- music21j / 21M.051 -- I've been translating music21 to the web to support my teaching of MIT's "Fundamentals of Music" -- feel free to register for an account an play around.
- The Other Tournai Kyrie -- A lost piece of medieval music was sitting right under our noses.
- music21 -- what exactly is a "Toolkit for Computational Musicology"? Older article. The latest version at GitHub
- Conference / Journal Convergence -- When top journals begin publishing only articles presented at invited conferences, do less connected scholars lose out?
- When Computers Listen to Music, What do they hear? -- on music21 and other Boston area projects (Boston Globe)
- Musical examples in web pages -- an easier way to do this than before, using cuthbertLab's music21j.
- Advanced dotting -- the mathematics behind that simple feature of musical notation: the dot.
- An early fifteenth century canon -- unraveled from a manuscript of Strasbourg destroyed in the fire of 1870.
- Bach's voice ranges -- a how-to on music visualization.
- Changing Musical Time -- how rhythm and tempo have evolved over the last 1000 years.
- Sexism and Age in Politics -- are older folks more sexist when it comes to electing a president? The data is unconvincing.
- Are bullpens underused? -- solve for x, and call the bullpen earlier.
I am a researcher within the Performing Arts Medicine Association. I was interested in looking at Beethoven's use of range over time in his piano sonatas. Although several previous studies have looked at the question of how Beethoven's compositions were affected by his hearing loss, the results were far less than conclusive. A study in the British Medical Journal counted the notes in the first movements of the first violin parts of Beethoven's string quartet's by hand. For a number of reasons, I thought it might be better to look at the piano sonatas, including that Beethoven wrote more piano sonatas than he did string quartets and symphonies, so the statistical power would be greater. Counting all of the notes in Beethoven's piano sonatas by hand would be a Herculean task for sure, but fortunately with scores available from the Center for Computer Assisted Humanities and music21 sufficient coding skills would do the job.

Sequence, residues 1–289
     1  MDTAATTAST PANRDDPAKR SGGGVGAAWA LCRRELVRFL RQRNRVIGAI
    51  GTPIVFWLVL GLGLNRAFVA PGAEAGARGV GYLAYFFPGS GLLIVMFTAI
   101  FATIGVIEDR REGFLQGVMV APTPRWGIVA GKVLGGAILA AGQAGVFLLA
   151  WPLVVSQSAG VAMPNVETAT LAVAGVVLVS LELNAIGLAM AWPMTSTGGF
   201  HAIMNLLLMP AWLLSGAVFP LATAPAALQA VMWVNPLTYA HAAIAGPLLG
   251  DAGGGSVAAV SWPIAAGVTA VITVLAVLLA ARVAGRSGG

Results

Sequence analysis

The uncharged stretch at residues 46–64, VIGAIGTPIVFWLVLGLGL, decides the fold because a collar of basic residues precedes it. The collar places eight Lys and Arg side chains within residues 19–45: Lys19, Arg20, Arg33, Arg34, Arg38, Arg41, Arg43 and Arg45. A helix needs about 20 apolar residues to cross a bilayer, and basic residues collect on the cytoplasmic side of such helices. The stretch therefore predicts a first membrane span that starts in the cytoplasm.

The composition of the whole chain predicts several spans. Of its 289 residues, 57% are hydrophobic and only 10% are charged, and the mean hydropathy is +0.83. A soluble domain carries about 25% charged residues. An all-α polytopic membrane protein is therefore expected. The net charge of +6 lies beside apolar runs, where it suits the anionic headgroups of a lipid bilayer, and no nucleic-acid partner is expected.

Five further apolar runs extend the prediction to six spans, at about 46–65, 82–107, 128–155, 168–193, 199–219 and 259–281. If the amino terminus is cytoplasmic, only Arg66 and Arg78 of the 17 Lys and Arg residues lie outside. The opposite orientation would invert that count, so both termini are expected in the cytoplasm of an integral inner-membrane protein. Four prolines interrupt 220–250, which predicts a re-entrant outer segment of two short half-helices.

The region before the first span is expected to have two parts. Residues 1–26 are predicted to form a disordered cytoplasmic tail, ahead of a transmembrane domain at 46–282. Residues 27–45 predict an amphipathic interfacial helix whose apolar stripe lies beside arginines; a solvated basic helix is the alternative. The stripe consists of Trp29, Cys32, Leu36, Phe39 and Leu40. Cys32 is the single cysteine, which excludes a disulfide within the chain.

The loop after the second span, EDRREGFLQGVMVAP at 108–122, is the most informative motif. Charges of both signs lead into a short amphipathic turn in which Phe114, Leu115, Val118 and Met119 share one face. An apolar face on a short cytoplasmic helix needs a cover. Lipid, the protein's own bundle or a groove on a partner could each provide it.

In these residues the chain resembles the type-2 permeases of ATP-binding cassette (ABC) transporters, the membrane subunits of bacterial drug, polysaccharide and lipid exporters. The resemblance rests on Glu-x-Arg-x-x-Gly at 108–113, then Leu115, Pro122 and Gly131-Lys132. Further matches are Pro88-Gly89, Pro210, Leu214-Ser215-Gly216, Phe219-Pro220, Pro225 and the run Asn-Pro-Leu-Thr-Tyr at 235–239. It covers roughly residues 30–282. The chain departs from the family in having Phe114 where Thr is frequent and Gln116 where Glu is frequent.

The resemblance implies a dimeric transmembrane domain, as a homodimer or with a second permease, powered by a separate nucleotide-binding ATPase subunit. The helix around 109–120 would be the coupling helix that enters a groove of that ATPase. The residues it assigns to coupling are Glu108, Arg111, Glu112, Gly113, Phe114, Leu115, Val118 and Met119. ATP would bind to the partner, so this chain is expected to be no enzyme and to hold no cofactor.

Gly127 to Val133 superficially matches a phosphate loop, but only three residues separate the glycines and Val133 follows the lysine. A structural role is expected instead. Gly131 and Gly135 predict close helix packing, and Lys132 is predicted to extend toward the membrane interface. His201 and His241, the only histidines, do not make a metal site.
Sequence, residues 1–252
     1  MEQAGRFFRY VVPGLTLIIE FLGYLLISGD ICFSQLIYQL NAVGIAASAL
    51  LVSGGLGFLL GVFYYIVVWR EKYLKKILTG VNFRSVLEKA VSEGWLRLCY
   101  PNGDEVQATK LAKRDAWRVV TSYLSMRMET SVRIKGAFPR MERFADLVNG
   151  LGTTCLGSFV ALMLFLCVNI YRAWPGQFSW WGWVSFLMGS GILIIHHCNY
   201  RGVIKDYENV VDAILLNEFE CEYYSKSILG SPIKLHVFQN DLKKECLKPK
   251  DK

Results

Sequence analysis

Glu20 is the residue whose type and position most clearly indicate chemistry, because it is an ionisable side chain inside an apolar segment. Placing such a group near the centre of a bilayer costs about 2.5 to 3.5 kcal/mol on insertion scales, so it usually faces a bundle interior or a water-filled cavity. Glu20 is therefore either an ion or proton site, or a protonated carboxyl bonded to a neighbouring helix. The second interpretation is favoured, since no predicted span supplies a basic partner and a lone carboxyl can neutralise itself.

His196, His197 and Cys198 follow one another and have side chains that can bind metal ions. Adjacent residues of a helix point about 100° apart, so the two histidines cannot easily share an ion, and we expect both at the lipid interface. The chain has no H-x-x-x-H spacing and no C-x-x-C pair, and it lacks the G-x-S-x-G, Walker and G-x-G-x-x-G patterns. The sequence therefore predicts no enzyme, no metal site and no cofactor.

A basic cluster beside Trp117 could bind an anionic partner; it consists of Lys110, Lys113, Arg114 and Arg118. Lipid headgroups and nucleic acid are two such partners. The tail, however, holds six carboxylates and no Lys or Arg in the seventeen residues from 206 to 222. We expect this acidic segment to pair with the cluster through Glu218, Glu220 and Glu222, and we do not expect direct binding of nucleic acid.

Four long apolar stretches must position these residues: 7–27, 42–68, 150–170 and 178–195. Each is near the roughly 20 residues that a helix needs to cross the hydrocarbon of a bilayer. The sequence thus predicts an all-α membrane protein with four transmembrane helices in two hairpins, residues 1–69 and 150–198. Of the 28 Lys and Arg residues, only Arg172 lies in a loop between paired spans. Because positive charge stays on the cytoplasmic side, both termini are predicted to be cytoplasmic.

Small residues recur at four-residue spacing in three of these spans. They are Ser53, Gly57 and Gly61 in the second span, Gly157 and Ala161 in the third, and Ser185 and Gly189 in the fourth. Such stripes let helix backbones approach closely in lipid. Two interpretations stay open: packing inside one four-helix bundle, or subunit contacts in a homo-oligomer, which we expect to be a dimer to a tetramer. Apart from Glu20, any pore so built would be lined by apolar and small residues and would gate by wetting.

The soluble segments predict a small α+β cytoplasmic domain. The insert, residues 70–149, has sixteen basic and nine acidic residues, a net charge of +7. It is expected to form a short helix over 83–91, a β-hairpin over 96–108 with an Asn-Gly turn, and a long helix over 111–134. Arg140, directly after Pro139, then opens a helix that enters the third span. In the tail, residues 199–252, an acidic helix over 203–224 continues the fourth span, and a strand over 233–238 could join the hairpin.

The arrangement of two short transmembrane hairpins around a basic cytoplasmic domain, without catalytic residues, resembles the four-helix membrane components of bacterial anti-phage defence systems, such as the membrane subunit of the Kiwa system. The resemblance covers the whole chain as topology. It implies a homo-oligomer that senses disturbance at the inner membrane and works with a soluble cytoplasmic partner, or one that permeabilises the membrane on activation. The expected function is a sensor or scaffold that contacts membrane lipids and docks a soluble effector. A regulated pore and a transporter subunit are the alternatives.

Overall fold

In addition to the number of high notes, I was also interested in Beethoven's overall use of range, the average note, average frequency, number of measures with high notes, and in calculating values based on the number of notes, as well as weighting those measures by the duration of notes. The methods available in music21 allow the collection of this data very quickly. To collect the majority of the data I needed from all 103 movements of Beethoven's piano sonatas, count over a quarter million individual notes, and organize the data into sonatas, and separating the data by movement number, takes about 11 minutes.
Some Interesting Findings
Beethoven's use of high notes was lowest around 1800 (for all the graphs below, the colors within the dots represent the Sonata Numbers, going from red to purple from 1-32):
The average frequency of each sonata follows a similar trend:
In general, as there are more notes per measure, there are more high notes per measure. This trend does not hold many of the sonatas written before 1802.
Also, the relationship between the use of high notes, and the average frequency was different between the earlier and later sonatas:
Technology like music21 is an invaluable tool for the empirical study of musicology. Relatively quickly, data gathered can be used to analyze the possible relationships between Beethoven's use of high notes and his overall range, and compare that with what we understand about his hearing loss. These data suggest that Beethoven was significantly affected by his hearing loss, though it seems that sometime around 1802 he developed strategies to cope with his progressing disability.
The well known melody...occurs in the T[enor] range in the Tournai MS; the question therefore remains whether one or more voices would have accompanied it. For this reason we decided to include this purely monodic piece in the present edition.